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"Nice Work If You Can Get It" Features Music & Lyrics by George Gershwin and Ira Gershwin at the Imperial Theatre
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"Nice Work If You Can Get It" Features Music & Lyrics by George Gershwin and Ira Gershwin at the Imperial Theatre

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Scott Landis, Roger Berlind,
Sonia Friedman Productions, Roy Furman,
et al.

Nice Work If You Can Get It
A New Musical Comedy
(Show Website)

Music & Lyrics by George Gershwin and Ira Gershwin
Book by Joe DiPietro

At the
Imperial Theatre
249 West 45th Street

Matthew Broderick and Kelli O’Hara

Also Starring:
Michael McGrath, Jennifer Laura Thompson, Chris Sullivan
Robyn Hurder, Stanley Wayne Mathis, Terry Beaver

Judy Kaye and Estelle Parsons
And an ensemble of actors/singers/dancers

Directed and Choreographed by Kathleen Marshall
Music Supervision: David Chase

Set Design: Derek McLane
Costume Design: Martin Pakledinaz
Lighting Design: Peter Kaczorowski
Sound Design: Brian Ronan
Hair & Wig Design: Paul Huntley
Makeup Design: Angelina Avallone
Projection Design: Alexander V. Nichols
Casting: Binder Casting
Jay Binder/Jack Bowdan
Orchestrator: Bill Elliott
Music Director: Tom Murray
Music Coordinator: Seymour Red Press
Assoc. Director: Marc Bruni
Assoc. Choreographer: David Eggers
Press: Boneau/Bryan-Brown
Advertising & Marketing: Serino/Coyne
Technical Director: Neil Mazzella
Production Stage Manager: Bonnie L. Becker
General Management: 101 Productions, Ltd.

Dr. Roberta E. Zlokower
April 21. 2012 Matinee

For a few days I’ve been humming (in my mind) “Someone to Watch Over Me”, “Lady Be Good”, and “Fascinatin’ Rhythm”. Unfortunately, the music that plays in my mind is devoid of vocals, with the orchestra as the star. Although Kelli O’Hara is vocally talented, with a captivating voice that revels in holding a tune, she doesn’t seize the stage like Sutton Foster did in another Kathleen Marshall director/choreographer production, Anything Goes, which I’ve seen twice. This revelation hit early in Act I, when I realized that Ms. O’Hara would not wow as she did in South Pacific. Moreover, Matthew Broderick, an engaging character actor with adorable presence, is not what I’d call a dancer/singer (I remember him in The Producers, more for his lines than his lyrics).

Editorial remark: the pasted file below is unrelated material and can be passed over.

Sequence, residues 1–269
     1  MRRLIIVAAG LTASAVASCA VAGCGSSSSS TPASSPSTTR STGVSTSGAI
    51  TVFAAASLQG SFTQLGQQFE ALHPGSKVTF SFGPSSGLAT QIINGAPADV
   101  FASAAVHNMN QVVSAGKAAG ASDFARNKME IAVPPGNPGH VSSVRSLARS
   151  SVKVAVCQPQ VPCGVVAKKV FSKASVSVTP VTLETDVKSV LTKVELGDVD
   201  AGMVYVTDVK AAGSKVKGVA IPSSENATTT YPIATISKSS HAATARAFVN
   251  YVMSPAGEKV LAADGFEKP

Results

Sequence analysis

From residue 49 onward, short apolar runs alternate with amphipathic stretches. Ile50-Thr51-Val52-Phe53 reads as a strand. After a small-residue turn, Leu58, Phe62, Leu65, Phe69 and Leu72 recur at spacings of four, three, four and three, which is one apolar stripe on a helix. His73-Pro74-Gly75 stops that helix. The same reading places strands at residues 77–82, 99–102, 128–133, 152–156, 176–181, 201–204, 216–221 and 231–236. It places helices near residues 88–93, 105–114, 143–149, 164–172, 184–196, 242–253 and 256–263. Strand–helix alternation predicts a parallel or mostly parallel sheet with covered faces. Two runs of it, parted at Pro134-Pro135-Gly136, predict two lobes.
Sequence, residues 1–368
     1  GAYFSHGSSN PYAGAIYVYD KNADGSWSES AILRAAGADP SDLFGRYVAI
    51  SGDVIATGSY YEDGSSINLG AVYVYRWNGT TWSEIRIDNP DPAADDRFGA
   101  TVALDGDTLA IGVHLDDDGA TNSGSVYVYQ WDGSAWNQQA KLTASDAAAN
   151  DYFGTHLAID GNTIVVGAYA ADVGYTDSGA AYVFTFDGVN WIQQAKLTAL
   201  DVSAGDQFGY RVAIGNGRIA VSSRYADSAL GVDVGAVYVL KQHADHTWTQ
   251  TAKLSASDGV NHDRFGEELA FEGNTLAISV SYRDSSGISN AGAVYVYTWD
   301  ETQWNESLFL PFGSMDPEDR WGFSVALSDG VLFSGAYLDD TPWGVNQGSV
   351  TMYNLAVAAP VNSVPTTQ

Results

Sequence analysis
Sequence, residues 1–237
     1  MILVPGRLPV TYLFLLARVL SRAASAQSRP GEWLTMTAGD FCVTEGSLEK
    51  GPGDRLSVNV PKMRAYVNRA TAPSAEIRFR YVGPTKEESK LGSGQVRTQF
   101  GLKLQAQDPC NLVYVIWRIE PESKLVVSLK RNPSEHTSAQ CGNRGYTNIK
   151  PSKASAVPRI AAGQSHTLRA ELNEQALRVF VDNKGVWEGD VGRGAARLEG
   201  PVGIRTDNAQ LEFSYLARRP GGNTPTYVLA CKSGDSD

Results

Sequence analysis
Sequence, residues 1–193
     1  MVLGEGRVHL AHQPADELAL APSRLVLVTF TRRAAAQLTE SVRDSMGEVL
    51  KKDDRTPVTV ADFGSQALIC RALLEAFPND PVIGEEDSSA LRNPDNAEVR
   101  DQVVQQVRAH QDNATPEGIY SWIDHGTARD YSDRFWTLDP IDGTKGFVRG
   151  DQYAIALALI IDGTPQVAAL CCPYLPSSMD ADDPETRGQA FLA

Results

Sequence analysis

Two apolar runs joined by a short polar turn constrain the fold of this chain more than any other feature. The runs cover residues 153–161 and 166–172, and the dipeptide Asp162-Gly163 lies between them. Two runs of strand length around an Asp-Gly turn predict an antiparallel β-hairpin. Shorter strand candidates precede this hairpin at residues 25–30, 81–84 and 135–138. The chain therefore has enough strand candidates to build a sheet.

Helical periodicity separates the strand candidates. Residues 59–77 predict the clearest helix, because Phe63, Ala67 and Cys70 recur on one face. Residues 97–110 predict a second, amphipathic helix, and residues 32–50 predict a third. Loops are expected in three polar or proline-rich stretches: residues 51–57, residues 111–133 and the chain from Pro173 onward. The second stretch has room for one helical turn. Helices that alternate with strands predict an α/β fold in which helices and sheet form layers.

As the lead duo, Ms. O’Hara, as Billie Bendix, a bootlegger, who watches the turf with a rifle slung over her shoulder, and Mr. Broderick, as Jimmy Winter, an aging, boozy trust-fund baby, with his own chorus line of floozies, have chemistry as thin as gin. In film, with glitzy technology, this could be a perfect match. In fact, the whole show could take on a Busby-Berkeley visual effect, with kaleidoscopic graphics of dancers, musicians, and singers. But, at the Imperial Theatre, it was like retro television, a small screen feel.

Joe DiPietro has created the book for Nice Work… that showcases a dozen or more Gershwin tunes. But, the plot is thin, with bootleggers looking to stash the bottles, and cops looking for the stash. Jimmy starts out as a targeted pawn and ends up as a targeted flame. But, there are silver threads in this frail tinsel. Michael McGrath, as Cookie McGee, pulls out the stops on an award-worthy performance as a crook, posing as Jimmy’s butler. Cookie’s emotions turn soft, with Jimmy depending on him for shirts and socks and therapy, and, as with Billie, events take rapid, predictable turns. Another silver thread is Judy Kaye, as Duchess Dulworth, a hefty enforcer of prohibition, for whom liquor brings out her wild side. The audience screamed with delight, when Ms. Kaye danced in air, grasping a chandelier in inebriated fervor. The third silver lining was a late, brief spotlight for Estelle Parsons, as Jimmy’s mother Millicent. She, like Mr. McGrath and Ms. Kaye, commanded the stage with outsized presence, giving the show a final boost. Ms. Marshall’s choreography, as always, was energized and elegant, with Charleston kick lines and one segment with Mr. Broderick rolling on the floor, with his floozies as human rugs.

Derek McLane’s scenery and Martin Pakledinaz’ costumes were colorful, capricious, and clever. Lighting by Peter Kaczorowski added a fine glow to the rambunctious song and dance tunes, and Brian Ronan’s sound brought out the best in the orchestrations. Tom Murray conducted with rousing aplomb, but, at night’s end, I wistfully thought of New York City Ballet’s Balanchine work, “Who Cares?”, a true Gershwin musical celebration, that leaves every tune replaying in a loop in my mind.

For more information, contact Dr. Roberta E. Zlokower at